Photo: Manuel Grosselet/Vireo

Western Kingbird

Tyrannus verticalis

In open country of the west, the Western Kingbird is often seen perched on roadside fences and wires, flying out to snap up insects -- or to harass ravens, hawks, or other large birds that stray too close to the kingbird's nest. Spunky and adaptable, this flycatcher has adjusted well to advancing civilization within its range. It frequently builds its nest where wires attach to utility poles, and may be seen tending its young there even along busy city streets.
Conservation status Has expanded breeding range eastward and increased in numbers during 20th century. Population now stable or possibly still increasing.
Family Tyrant Flycatchers
Habitat Semi-open country, farms, roadsides, towns. Breeds in open terrain with trees to provide nest sites; may be in farmland, groves or streamside trees in prairie country, semi-desert scrub; avoids true desert. Also in towns; where trees are lacking, will nest on artificial structures. Where ranges overlap, typically in more open country than Eastern or Cassin's kingbirds.
In open country of the west, the Western Kingbird is often seen perched on roadside fences and wires, flying out to snap up insects -- or to harass ravens, hawks, or other large birds that stray too close to the kingbird's nest. Spunky and adaptable, this flycatcher has adjusted well to advancing civilization within its range. It frequently builds its nest where wires attach to utility poles, and may be seen tending its young there even along busy city streets.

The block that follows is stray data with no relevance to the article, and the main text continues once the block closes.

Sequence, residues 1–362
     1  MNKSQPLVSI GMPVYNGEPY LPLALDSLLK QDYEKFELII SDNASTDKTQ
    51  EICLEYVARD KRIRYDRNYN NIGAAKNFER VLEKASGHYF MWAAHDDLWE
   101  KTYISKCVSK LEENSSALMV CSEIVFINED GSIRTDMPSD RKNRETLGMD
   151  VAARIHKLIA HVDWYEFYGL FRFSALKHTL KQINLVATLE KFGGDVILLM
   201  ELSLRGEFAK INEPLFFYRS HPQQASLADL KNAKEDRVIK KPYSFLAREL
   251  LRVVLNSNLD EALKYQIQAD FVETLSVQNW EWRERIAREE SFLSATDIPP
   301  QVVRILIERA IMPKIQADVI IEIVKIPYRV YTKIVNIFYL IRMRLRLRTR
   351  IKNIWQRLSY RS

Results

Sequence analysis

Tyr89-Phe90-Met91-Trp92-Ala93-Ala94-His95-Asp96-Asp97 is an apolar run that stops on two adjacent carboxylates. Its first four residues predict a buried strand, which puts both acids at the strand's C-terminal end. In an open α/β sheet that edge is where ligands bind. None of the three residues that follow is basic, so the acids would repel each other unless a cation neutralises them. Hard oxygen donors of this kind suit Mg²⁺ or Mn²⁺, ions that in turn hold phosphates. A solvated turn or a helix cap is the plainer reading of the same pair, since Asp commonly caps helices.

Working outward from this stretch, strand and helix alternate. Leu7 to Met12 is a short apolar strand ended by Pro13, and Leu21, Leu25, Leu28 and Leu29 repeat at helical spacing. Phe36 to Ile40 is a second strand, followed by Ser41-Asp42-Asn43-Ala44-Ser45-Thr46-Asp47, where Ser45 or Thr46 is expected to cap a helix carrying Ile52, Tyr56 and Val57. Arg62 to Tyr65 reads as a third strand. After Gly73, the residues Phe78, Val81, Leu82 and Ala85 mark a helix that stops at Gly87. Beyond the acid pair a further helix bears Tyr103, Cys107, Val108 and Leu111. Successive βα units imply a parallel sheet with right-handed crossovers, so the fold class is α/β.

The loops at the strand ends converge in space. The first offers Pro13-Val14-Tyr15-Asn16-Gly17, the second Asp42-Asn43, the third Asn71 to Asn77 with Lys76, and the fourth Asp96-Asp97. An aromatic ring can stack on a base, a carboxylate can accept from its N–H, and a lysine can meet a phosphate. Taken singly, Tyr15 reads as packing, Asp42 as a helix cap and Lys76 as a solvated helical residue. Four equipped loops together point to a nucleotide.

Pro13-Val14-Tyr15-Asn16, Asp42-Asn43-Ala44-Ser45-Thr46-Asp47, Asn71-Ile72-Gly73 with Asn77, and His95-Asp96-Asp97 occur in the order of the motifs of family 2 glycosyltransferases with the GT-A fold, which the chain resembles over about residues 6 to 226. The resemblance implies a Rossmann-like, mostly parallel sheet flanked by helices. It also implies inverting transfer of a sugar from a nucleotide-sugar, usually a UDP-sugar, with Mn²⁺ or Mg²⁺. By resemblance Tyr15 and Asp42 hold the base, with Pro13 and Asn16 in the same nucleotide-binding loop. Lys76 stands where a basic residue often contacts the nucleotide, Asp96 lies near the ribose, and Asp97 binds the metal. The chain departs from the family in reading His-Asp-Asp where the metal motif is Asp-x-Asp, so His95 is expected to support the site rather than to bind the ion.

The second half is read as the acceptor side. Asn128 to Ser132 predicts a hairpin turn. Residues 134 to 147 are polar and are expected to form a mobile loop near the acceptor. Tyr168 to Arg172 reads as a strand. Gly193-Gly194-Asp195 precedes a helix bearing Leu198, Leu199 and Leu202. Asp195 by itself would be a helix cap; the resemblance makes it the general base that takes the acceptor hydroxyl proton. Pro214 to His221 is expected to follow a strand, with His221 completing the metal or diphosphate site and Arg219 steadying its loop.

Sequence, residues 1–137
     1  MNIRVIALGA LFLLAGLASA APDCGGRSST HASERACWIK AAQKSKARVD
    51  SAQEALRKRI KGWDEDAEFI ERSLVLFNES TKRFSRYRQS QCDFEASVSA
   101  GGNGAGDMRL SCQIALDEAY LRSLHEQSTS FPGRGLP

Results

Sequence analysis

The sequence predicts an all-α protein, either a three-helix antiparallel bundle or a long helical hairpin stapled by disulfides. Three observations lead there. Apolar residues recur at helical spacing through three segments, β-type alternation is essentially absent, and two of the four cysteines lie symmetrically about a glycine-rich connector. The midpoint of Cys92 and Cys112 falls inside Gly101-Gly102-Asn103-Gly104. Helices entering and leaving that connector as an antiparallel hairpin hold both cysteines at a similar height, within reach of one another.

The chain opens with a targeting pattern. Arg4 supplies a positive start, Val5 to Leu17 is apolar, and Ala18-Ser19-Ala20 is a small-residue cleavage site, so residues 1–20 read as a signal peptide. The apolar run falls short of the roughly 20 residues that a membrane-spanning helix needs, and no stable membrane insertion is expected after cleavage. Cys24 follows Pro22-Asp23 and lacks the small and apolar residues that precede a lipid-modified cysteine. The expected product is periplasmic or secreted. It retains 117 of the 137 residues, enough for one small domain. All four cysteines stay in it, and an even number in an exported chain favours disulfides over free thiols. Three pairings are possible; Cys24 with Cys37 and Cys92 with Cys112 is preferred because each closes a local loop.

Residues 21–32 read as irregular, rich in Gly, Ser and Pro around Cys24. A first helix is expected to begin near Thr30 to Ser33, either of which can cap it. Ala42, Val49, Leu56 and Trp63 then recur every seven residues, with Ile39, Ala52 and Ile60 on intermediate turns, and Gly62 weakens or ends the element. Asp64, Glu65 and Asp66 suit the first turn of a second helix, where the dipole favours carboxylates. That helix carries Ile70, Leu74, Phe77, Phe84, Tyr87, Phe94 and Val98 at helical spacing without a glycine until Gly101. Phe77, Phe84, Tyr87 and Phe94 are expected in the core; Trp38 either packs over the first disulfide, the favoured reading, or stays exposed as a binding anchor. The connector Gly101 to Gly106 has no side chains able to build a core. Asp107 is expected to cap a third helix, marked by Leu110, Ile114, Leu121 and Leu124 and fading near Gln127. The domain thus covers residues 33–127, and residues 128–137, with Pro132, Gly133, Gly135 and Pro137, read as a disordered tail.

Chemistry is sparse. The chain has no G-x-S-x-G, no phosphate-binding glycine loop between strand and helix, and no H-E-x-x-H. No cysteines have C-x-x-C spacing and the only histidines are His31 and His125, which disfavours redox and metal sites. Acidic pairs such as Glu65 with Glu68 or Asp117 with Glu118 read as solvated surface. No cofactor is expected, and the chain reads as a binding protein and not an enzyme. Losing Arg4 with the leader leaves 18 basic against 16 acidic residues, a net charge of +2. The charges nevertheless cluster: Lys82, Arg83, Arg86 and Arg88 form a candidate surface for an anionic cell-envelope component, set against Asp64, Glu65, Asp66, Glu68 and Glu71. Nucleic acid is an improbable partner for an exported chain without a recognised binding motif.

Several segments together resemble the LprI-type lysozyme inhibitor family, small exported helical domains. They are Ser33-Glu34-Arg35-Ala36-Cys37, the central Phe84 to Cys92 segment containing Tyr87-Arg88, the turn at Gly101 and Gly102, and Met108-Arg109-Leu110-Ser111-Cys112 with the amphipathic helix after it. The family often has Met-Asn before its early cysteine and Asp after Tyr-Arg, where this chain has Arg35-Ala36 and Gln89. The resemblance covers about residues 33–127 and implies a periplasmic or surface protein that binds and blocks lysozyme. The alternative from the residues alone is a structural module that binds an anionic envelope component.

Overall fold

Photo Gallery
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Feeding Behavior

Forages mostly by watching from a perch and then flying out to snap up insects in its bill. May perch low or high; may catch insects in mid-air, or may hover and then drop to the ground to catch them.


Eggs

3-5, rarely up to 7. Whitish, heavily blotched with brown, lavender, and black. Incubation is mostly or entirely by female, about 18-19 days. Young: Both parents feed nestlings. Young leave nest about 16-17 days after hatching.


Young

Both parents feed nestlings. Young leave nest about 16-17 days after hatching.

Diet

Mostly insects. Feeds on a wide variety of insects, especially wasps, bees, beetles, and grasshoppers, also flies, true bugs, caterpillars, moths, and many others. Also eats some spiders and millipedes, and regularly eats small numbers of berries and fruits.


Nesting

Male defends territory by singing, giving "dawn song" incessantly at first hint of daylight. In courtship, male performs flight display, rapidly flying up and down in vertical zigzags, giving rapid sputtering calls. Nest site varies, usually in tree in vertical fork or on horizontal limb, 15-30' above ground. Also often nests on utility poles, sometimes on building ledges or towers, in empty sheds, on cliff ledges, or in abandoned nests of other birds. Nest (probably built by both sexes) is a cup of grass, weeds, twigs, plant fibers, lined with finer materials such as feathers, plant down, animal hair, bits of paper.

Illustration © David Allen Sibley.
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Text © Kenn Kaufman, adapted from
Lives of North American Birds

Migration

Often migrates in small flocks. A few stray eastward every fall, appearing along Atlantic Coast, some of these birds moving south to winter in Florida.

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Migration

Often migrates in small flocks. A few stray eastward every fall, appearing along Atlantic Coast, some of these birds moving south to winter in Florida.

  • All Seasons - Common
  • All Seasons - Uncommon
  • Breeding - Common
  • Breeding - Uncommon
  • Winter - Common
  • Winter - Uncommon
  • Migration - Common
  • Migration - Uncommon
Songs and Calls
A loud, sharp kit. Various chattering notes.
Audio © Lang Elliott, Bob McGuire, Kevin Colver, Martyn Stewart and others.
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